Aquaporin completes first successful field test at NASA

In October 2011, scientists from Aquaporin travelled to the NASA Ames facilities in Palo Alto (CA, US) to perform first real field tests with its Aquaporin Inside™ technology. Tests were run over 4 days and concluded that the Aquaporin Inside™ membranes show superior rejection values to urea when compared to existing Forward Osmosis membranes.

Michael Flynn, Head of the Advanced Human Support Technology Research Group at NASA Ames says: “In NASA we are continuously working towards reducing the mass we need to transport into space on manned space missions. One way of doing so, is by re-circulating bodily fluids from our astronauts. So far, the Aquaporin Inside™ Forward Osmosis membrane is the only membrane we have tested that comes very close to fulfilling the membrane requirements for a simple, lightweight and reliable system to extract potable water from body fluids in space. We are therefore very excited about the possibility to initiate further field tests with an up-scaled membrane at our facilities in the beginning of 2012.”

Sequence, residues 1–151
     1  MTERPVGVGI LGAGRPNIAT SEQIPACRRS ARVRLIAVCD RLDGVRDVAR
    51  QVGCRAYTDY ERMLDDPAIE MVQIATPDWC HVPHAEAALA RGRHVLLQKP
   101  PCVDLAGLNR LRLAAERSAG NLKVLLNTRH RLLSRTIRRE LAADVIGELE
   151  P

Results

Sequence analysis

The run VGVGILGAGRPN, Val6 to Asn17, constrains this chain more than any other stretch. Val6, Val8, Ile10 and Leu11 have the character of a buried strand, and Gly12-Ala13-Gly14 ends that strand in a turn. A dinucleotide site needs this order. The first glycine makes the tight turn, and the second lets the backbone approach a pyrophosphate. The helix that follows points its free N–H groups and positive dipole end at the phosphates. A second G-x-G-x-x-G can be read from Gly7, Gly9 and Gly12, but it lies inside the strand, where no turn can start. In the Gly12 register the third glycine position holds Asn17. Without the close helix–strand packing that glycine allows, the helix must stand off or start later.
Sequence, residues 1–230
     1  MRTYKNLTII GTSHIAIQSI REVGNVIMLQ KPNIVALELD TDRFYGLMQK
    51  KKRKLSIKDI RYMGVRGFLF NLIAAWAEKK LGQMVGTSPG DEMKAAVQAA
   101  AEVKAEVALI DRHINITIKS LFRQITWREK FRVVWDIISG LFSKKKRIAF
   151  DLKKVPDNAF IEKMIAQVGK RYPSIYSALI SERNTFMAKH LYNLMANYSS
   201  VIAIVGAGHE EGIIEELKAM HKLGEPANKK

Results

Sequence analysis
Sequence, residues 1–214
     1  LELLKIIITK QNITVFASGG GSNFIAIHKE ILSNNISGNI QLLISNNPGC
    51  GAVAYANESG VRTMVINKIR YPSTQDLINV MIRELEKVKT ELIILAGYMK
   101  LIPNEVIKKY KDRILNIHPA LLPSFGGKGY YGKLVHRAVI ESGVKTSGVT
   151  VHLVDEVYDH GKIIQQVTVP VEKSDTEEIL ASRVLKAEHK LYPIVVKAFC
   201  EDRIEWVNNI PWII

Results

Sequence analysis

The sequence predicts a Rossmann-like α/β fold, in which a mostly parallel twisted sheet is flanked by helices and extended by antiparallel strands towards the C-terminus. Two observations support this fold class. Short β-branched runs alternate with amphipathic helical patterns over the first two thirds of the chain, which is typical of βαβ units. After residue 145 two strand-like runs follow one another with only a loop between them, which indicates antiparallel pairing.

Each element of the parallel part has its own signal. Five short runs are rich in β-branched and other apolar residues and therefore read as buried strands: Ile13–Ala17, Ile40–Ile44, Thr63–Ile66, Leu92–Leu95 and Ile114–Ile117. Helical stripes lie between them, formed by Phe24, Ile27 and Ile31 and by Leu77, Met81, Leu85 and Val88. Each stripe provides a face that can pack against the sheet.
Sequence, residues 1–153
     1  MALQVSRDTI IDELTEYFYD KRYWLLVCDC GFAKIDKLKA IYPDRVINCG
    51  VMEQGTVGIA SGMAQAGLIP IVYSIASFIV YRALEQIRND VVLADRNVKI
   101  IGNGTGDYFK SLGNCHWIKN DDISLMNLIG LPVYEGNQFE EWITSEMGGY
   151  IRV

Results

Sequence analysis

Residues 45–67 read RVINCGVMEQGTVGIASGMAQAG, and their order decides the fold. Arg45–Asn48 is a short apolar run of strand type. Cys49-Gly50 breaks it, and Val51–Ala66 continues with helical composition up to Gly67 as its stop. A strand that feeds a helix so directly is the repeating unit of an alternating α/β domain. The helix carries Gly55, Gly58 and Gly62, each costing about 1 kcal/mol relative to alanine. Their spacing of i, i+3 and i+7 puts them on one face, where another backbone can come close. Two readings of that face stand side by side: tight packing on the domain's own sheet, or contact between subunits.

“We are thrilled to have proven, for the first time in a “real life” application set-up, the true revolutionary potential of our technology”, says CEO of Aquaporin Peter Holme Jensen. “Bringing the technology out of our lab and completing a successful field test in cooperation with a future customer such as NASA is a very significant milestone in Aquaporin’s development.”

Aquaporin expects to be able to supply its first commercial products – unique membranes capable of extracting clean water from specific liquids – to NASA and other customers in a few years’ time

Published on July 16 in